Hayek was bad enough – with his belief that markets would solve any problem. But the complexity theorists seem to have driven the last nail into Free Will’s coffin.
My generation believed three things which kept its sanity -
1. Governments had effective machinery and tools at its disposal to deal with most problems
2. Political parties reflected public feelings and had some influence over governments formed from its leading members
3. Enough fuss and pressure from society – whether media, public opinion, voluntary organisations or trade unions – would get results
We no longer believe any of these things – indeed anyone who offers such judgements is seen as old-fashioned if not eccentric…..
A combination of globalisation, privatisation and neoliberalism has sucked the lifeblood not only from governments but from political parties – leaving social movements to perform as a colourful, pantomime distraction.
Fortunately, however, there are still a few voices left – bravely articulating detailed messages which point to a better way. People like Yanis Varoufakis and George Monbiot and, for those prepared to do some really serious reading, authors such as Mariana Mazzucato - with her latest “Mission Economy – a moonshot guide to changing capitalism” to which the great blog Crooked Timber is devoting a discussion series from which I’ve taken an extract -
starts from the view that at present both capitalism and governments are
dysfunctional. In Chapter 2 she identifies the four sources of the problems of
capitalism as (1) the short-termism of the financial sector (including the
deeply problematic issue that, given the role of financial institutions, its
profits are privatized but its losses are socialized, as we saw in the 2008
financial crisis); (2) the financialization of business; (3) climate emergency
and (4) slow or absent governments.
In Chapter 3, Mazzucato points at New Public Management theory as the culprit for the widespread myth that failures of the public sector are more serious than failures of the private sector, which has been used to justify the massive increase in privatizations and outsourcing. And this, Mazzucato argues, has led to a reduction of the capabilities in the public sector, which in turn makes it harder to change weak or bad policies. The main problem with the government right now is not its size, but rather that its capacities, skills and expertise have been diminished, which has also demoralized public servants.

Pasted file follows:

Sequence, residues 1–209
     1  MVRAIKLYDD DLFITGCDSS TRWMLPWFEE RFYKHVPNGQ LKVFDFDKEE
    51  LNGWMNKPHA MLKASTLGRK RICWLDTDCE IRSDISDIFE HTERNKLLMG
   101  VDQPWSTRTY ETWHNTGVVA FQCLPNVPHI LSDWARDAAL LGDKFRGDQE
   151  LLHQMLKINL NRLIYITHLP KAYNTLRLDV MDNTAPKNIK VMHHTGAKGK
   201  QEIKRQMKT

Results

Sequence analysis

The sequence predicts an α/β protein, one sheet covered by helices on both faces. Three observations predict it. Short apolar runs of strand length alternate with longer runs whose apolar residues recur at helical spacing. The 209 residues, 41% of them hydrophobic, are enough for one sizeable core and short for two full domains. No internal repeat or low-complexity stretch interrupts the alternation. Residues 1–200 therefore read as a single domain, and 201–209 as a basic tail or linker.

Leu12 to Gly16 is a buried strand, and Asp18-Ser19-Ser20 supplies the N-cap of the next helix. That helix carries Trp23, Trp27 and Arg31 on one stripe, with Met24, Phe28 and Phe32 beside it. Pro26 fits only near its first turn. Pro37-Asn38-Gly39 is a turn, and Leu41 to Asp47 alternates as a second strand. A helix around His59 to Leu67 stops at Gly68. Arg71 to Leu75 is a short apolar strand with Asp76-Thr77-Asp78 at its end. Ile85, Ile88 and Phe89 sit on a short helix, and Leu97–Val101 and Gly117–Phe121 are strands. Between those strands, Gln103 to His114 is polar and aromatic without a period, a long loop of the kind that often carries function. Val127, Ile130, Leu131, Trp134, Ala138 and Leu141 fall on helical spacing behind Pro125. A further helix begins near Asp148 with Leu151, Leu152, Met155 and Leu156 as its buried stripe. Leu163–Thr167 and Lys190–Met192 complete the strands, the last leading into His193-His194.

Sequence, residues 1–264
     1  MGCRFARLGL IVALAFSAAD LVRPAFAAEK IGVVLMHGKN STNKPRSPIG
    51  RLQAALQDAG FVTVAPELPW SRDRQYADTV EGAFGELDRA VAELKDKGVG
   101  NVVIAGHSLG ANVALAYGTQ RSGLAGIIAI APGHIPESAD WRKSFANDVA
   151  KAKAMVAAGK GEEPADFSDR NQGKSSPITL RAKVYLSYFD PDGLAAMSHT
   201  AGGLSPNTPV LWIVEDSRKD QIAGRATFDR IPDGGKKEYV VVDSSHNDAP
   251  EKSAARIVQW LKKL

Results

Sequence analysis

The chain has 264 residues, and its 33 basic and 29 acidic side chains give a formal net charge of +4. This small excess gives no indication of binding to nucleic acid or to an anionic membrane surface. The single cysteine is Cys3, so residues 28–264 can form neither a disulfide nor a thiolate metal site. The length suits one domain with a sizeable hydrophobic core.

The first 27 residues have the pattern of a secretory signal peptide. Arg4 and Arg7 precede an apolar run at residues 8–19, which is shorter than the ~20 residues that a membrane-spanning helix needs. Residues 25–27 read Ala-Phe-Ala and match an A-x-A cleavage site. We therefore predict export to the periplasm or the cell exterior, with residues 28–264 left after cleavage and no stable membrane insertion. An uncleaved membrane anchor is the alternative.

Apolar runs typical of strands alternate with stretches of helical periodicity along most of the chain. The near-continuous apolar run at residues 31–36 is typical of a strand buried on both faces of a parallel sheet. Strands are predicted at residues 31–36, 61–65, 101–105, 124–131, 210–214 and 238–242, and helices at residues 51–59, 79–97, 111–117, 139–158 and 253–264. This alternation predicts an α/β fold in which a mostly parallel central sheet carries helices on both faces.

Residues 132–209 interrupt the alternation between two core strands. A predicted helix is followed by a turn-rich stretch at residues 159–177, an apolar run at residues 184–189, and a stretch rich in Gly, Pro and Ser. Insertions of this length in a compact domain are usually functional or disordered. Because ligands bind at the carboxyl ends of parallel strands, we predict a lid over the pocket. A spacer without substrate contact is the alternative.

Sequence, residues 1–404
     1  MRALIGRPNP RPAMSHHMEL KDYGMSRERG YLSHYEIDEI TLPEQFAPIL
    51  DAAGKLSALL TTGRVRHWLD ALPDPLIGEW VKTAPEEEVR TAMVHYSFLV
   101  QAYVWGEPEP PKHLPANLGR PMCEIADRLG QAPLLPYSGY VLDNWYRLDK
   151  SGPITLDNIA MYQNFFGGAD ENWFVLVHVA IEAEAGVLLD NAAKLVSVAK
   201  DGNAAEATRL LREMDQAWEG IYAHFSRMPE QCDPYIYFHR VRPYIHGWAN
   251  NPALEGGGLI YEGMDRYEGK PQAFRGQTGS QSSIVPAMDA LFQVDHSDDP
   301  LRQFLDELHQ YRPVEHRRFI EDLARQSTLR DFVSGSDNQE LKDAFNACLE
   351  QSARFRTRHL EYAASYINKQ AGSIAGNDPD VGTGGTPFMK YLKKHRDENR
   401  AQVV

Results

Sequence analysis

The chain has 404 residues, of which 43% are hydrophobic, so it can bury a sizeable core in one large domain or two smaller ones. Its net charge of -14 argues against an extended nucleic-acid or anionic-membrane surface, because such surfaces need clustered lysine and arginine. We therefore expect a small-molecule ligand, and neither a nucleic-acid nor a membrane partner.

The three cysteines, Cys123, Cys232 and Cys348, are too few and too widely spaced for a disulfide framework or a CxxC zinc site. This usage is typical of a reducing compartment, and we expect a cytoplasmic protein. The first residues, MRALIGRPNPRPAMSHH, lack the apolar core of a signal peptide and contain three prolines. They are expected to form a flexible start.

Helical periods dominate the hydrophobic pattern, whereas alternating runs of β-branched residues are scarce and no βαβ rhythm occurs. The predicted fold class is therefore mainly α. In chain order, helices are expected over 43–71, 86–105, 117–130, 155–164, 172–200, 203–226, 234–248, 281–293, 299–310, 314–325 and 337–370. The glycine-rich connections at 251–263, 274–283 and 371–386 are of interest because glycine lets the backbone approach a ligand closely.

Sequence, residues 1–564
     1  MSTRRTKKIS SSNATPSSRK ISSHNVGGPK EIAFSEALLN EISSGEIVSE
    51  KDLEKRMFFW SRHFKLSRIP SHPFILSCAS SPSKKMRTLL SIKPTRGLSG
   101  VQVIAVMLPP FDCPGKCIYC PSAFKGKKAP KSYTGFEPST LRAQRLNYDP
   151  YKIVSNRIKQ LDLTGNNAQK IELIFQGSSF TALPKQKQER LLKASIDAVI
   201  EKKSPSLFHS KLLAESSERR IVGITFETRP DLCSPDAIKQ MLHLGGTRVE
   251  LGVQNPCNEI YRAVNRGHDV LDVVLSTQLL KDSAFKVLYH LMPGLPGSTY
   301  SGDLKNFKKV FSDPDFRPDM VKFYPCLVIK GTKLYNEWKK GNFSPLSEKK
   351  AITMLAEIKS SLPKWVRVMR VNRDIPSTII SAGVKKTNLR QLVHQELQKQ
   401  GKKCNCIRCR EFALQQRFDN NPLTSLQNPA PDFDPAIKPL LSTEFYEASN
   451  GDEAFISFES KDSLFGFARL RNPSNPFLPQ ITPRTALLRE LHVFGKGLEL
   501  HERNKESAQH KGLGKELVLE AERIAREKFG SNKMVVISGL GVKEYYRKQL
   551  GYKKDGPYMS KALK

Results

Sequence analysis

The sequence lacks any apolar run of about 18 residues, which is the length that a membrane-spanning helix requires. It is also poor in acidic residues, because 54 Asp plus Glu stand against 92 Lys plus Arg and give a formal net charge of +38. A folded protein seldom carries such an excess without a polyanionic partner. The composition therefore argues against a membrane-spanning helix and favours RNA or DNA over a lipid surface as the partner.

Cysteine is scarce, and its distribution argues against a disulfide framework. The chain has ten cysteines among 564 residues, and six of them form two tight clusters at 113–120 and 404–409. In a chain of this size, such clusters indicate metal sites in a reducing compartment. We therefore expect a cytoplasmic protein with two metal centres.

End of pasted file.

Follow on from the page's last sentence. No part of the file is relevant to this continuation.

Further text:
we need instead, is ‘Moonshot thinking’, which entails that governments should
have an ambition that is so inspiring and concrete, that it motivates all to
contribute to reaching that goal; this is what Mazzucato calls ‘a public
purpose’ – the most essential thing a government should have, and which will motivate
its partnership with business. Innovation and commercial success will happen
along the way.
4 describes the Apollo program in the 1960s as an example of what governments
can accomplish if they have a clear mission that all are contributing to. At
that time, the mission was “bring a man to the moon and safely back to earth” –
in the historical context of the Cold War (not an unimportant detail, perhaps!).
The Apollo program was driven by
mission-oriented innovation, full with great risks and many failures from which
lessons were learnt. At the early stages, poor communication within NASA
seemed its weakest point; apparently this problem was addressed so successfully
that the dynamic communications set-up within NASA was later copied by
businesses. There were many other problems with the Apollo program, and
Mazzucato argues that solutions were found by organizations and people willing
to experiment, rather than picking supposedly good solutions in advance.
Talented and hardworking people, risk taking and adapting, are key aspects of a
5 explains how mission-oriented thinking looks like by applying it to several
missions for our times: the Sustainable Development Goals, the American and
European Green New Deals, accessible health, and narrowing the digital divide.
In all of these missions, the aim is to catalyze collaboration between many
different sectors, and to change our view of the government as regulating and
correcting markets and being a lender of last resort to being the creator and
shaper of markets, and an investor of first resort willing to take the high
risks that are needed for long-term thinking, and who aims to crowd in private
funding and collaborations.
Chapter 6 sketches how the political economy of this capitalism-with-a-public-purpose would look like. Mazzucato writes that there are 7 pillars that a political economy that can guide a mission-oriented approach should have:
(1) a new approach to value;
(2) markets as being co-created and shaped by the government;
(3) organizations that have the capabilities to co-create for the public purpose, including taking risks, experimenting and learning;
(4) an approach to finance that does not start by asking what the budget is, but by “what needs to be done” and as a derivative question asks how to pay for it;
(5) fighting inequality not only be redistribution but first of all by predistribution;
(6) reimagine the relation between government and businesses as a partnership around a common goal; and
new forms of participation, debate, discussion and consensus-building.
And Bill Mitchell is a leftist Australian economist whose Reclaiming the State – a progressive vision of sovereignty in a post neo-liberal world (2017) I’m trying to find the time to at least skim.